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Jury Finds Pharmacy Chains Helping Fuel Opioid Epidemic, How Fentanyl and Meth Exploded Across the Country, and Study Shows Acetaminophen Increases Risk-Taking
Here is a recap of some of the top industry-related news stories of the week:
Pharmacy chains including CVS helped fuel opioid epidemic, U.S. jury finds
A federal judge recently found that pharmacy chain operators CVS, Walgreens, and Walmart helped fuel an opioid epidemic in two Ohio counties that resulted in an oversupply of painkillers and the diversion of those opioids to the black market.
Mark Lanier, a lawyer for Ohio's Lake and Trumbull counties, called the verdict a "landmark decision" that paved the way for them to each seek more than $1 billion from the companies to help address the deadly epidemic's toll in their communities.
The trial to determine the amount to be paid by the corporations will be held in April or May.
Over 3,300 opioid lawsuits have been filed nationally against drug manufacturers, distributors and pharmacies, culminating with many of the companies agreeing to proposed global settlements.
How fentanyl and meth exploded nationwide and led to more mental illness, homelessness, and deaths
The CDC recently released figures stating overdose deaths surpassed 100,000 in America for the first time, and that most deaths were from fentanyl. The drug, once only found in hospitals, is now basically everywhere.
Meth is also widespread and cheap, with the chemicals needed to make it easy to access. Journalist and author of “The Least of Us: Try Tales of American and Hope in the Time of Fentanyl and Meth,” Sam Quinones, says that it is a major reason why so many people are living in the streets in LA. He also says it is stronger than ever, causing people to hallucinate.
Quinones explained his book is about the Mexican trafficking world, and how it became the lead driver of pain pills and pushed America’s epidemic of drug addiction into the “synthetic era.” This means that street drugs are now being made in laboratories rather than using plants. These synthetic drugs are more potent and dangerous than what was previously on the streets.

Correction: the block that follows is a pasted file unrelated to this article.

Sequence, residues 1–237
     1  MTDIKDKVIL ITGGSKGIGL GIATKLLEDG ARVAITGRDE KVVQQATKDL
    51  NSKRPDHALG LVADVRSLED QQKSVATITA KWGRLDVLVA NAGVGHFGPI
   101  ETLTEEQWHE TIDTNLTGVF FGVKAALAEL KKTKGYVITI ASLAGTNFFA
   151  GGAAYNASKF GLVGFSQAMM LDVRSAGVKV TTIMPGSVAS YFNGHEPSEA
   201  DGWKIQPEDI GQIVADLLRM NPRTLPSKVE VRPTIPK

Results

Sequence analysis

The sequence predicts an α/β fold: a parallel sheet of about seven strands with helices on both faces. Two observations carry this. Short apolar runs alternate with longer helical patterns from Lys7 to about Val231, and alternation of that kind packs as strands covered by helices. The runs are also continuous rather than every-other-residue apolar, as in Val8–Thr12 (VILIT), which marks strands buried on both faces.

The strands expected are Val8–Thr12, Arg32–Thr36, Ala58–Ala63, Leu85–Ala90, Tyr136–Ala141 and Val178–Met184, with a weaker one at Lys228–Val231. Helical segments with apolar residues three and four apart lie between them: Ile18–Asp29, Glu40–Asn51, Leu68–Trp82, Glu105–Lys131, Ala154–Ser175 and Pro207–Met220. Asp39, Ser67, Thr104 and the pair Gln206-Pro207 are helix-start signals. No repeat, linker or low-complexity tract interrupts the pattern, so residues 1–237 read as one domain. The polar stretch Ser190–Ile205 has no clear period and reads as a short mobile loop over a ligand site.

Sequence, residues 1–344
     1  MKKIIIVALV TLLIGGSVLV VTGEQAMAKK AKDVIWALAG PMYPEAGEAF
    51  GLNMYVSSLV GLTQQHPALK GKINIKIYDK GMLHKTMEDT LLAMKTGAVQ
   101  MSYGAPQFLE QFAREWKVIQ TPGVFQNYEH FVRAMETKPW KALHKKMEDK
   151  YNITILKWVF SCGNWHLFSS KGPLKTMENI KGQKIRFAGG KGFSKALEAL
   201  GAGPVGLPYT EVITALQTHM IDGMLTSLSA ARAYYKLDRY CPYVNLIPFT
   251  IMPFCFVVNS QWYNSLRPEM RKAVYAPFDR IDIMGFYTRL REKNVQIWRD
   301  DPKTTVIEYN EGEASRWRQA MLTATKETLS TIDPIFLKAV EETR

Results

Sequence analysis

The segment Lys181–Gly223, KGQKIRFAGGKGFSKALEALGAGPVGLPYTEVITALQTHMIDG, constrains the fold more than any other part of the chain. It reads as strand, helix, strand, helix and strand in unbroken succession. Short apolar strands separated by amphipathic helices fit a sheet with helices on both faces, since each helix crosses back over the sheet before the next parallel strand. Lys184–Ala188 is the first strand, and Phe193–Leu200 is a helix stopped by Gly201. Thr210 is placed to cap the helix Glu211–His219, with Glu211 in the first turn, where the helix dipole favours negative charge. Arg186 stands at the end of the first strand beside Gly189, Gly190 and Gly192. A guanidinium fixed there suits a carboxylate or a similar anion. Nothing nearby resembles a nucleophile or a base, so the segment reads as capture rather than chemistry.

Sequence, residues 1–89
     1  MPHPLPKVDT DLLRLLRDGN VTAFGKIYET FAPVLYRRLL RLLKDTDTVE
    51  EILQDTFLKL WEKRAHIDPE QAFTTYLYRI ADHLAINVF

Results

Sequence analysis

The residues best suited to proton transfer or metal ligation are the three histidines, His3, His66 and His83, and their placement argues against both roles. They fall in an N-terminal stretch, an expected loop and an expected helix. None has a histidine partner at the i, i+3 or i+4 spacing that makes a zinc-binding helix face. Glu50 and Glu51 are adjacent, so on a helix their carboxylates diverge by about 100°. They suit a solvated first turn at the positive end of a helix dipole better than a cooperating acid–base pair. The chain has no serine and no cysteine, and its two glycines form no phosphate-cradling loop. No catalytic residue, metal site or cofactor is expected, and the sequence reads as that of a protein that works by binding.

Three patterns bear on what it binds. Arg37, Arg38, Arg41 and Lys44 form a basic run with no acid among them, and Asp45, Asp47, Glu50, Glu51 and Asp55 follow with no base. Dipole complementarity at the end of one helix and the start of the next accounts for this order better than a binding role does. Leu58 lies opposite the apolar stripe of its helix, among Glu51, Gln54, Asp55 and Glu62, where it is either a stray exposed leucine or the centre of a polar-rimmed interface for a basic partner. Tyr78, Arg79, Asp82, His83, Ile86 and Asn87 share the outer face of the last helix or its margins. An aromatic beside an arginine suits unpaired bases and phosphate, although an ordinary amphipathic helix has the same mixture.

The book details a story about a Mexican-born and San Diego-raised underground chemist named Ricardo Valdez-Torres, one of the first people to introduce Mexican drug traffickers to fentanyl. He claimed that the benefit of the drug is that “it was very cheap to make, very easy to make, and extraordinarily potent, and therefore enormously profitable.”
Quinones says one reason traffickers use fentanyl is that it can be used like salt in food; a sprinkling of it would boost a drug’s potency. Adding it to other drugs like cocaine and meth leads users to become opioid addicts who increase their frequency of purchasing to avoid withdrawal.
The Most Common Pain Relief Drug in The World Induces Risky Behavior, Study Finds
A study in 2020 found that acetaminophen, also known as paracetamol, and sold widely under the brand names Tylenol and Panadol, increases risk-taking when consumed.
As nearly one quarter of the US population takes acetaminophen each week, the findings can have important effects on society. The study shows that the drug’s effect on pain is also extended to various psychological processes, lowering people's receptivity to hurt feelings, experiencing reduced empathy, and even blunting cognitive functions.
The study also suggests that taking acetaminophen affects people's ability to perceive and evaluate risks. While the effects might be slight, these finds are especially important due to the rate at which it is consumed in the public, and because the ingredient is found in over 600 different over-the-counter and prescription medicines.
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